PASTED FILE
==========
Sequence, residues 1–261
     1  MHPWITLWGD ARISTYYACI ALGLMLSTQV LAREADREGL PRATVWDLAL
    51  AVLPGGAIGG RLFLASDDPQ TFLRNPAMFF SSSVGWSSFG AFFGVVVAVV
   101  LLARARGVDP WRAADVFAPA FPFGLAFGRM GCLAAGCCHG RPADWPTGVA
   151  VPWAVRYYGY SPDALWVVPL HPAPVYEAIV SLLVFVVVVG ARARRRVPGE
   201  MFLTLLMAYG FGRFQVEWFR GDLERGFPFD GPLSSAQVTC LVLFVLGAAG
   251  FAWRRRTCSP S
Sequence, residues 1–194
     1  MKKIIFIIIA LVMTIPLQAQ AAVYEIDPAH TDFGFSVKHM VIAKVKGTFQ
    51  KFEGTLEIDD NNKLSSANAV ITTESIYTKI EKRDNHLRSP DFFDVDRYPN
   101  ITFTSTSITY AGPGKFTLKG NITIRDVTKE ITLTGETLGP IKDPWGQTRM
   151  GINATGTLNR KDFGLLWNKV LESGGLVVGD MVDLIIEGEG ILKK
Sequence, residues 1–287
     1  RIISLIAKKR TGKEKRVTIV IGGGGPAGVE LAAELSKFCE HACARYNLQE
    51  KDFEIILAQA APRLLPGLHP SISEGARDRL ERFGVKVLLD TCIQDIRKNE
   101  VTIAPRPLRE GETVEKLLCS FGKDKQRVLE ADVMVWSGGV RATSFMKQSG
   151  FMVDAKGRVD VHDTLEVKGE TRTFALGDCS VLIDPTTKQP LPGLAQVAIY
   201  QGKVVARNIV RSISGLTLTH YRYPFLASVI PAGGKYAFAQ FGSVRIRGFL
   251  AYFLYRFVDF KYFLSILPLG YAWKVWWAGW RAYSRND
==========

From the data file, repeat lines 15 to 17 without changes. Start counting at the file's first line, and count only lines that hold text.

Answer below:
    51  KDFEIILAQA APRLLPGLHP SISEGARDRL ERFGVKVLLD TCIQDIRKNE
   101  VTIAPRPLRE GETVEKLLCS FGKDKQRVLE ADVMVWSGGV RATSFMKQSG
   151  FMVDAKGRVD VHDTLEVKGE TRTFALGDCS VLIDPTTKQP LPGLAQVAIY